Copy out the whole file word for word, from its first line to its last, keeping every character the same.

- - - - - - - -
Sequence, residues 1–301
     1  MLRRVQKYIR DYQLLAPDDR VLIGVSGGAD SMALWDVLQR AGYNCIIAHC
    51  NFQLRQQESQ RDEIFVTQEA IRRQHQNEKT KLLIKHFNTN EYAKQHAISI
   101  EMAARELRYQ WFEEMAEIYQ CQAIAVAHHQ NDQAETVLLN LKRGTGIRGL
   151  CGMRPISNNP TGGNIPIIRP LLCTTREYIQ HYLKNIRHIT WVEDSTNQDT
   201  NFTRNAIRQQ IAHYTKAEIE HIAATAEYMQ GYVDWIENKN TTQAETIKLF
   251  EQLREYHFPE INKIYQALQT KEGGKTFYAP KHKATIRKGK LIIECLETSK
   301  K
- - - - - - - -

Sequence, residues 1–301
     1  MLRRVQKYIR DYQLLAPDDR VLIGVSGGAD SMALWDVLQR AGYNCIIAHC
    51  NFQLRQQESQ RDEIFVTQEA IRRQHQNEKT KLLIKHFNTN EYAKQHAISI
   101  EMAARELRYQ WFEEMAEIYQ CQAIAVAHHQ NDQAETVLLN LKRGTGIRGL
   151  CGMRPISNNP TGGNIPIIRP LLCTTREYIQ HYLKNIRHIT WVEDSTNQDT
   201  NFTRNAIRQQ IAHYTKAEIE HIAATAEYMQ GYVDWIENKN TTQAETIKLF
   251  EQLREYHFPE INKIYQALQT KEGGKTFYAP KHKATIRKGK LIIECLETSK
   301  K